Miami recruiting now 'full speed ahead'

There is some anger by Miami fans and coaches. There is some relief. And in the recruiting offices in Coral Gables, Fla., there is celebration.

The NCAA handed down its sanctions on the Hurricanes' program Tuesday, and the term “slap on the wrist” is being thrown around to describe the minimal impact it will have on Al Golden’s ability to recruit at Miami. Over the next three classes, Miami will lose a total of nine scholarships, a hurdle about the size of a stack of dimes.

As four-star receiver commit Braxton Berrios put it, Miami is “full speed ahead now.”

Even with the black clouds of the NCAA hovering over Miami for much of the 2014 class, Golden was able to secure 26 commitments -- 11 in the ESPN 300 -- and has the Hurricanes with the No. 4 class nationally. Golden and the Miami administration did wonders in the past couple of classes, easing recruits’ fears about any additional penalties on top of Miami’s self-imposed bowl ban. But for some targets, there was always a level of concern about significant sanctions being levied.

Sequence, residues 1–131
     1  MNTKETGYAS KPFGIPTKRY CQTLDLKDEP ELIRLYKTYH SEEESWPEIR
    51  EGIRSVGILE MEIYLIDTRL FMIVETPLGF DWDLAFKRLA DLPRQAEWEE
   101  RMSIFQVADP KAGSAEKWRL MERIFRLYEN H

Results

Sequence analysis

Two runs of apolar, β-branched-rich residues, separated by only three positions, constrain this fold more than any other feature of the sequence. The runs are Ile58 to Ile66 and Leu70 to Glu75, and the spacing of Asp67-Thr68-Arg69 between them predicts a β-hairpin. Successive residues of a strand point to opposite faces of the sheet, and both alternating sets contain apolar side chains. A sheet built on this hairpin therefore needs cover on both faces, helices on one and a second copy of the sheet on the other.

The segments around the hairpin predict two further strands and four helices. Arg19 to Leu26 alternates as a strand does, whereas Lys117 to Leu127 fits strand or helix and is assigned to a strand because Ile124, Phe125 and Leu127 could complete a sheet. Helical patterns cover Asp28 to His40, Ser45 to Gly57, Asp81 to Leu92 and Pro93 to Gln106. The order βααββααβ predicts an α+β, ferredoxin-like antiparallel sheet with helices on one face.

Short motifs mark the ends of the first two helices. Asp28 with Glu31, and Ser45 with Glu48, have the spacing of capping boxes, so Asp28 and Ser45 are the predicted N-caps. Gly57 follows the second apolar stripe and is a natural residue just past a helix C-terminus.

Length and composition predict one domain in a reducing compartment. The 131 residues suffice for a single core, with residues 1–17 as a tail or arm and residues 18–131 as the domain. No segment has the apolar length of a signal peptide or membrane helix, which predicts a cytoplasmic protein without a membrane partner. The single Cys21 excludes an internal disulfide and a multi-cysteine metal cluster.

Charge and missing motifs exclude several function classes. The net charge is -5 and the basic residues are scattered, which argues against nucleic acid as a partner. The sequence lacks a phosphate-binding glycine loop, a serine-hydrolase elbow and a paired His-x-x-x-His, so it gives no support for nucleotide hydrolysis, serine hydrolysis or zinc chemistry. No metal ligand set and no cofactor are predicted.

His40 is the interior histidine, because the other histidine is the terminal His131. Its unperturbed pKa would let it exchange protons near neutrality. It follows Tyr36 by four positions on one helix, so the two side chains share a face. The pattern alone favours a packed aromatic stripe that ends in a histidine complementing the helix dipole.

Those questions are now answered, and Golden and his staff can resume the role as coaches and recruiters fully instead of trying to wear the NCAA hat, too.

The Hurricanes have played second fiddle to Florida and Florida State on the recruiting front the past five years, finishing third among the big three in the rankings in the past four classes. Not since 2008, when Miami signed the No. 1 class, did the Hurricanes finish ahead of both the Gators and Seminoles in the recruiting rankings. In the past few classes, Florida and Florida State were able to tell Sunshine State prospects about the potential of the NCAA hammering Miami. These minimal sanctions almost level the recruiting field with their in-state rivals.

Miami has already been accounting for the scholarship reductions, as well. According to the Miami Herald, the Canes entered 2013 with 76 scholarship players, 19 of them seniors. If Miami signs 28, which is what the Canes hope for with Johnnie Dixon and Anthony Moten rounding out the class, that would bring Miami to 85 scholarships and would put the Canes in a good position to get down to 82 before the 2014 season.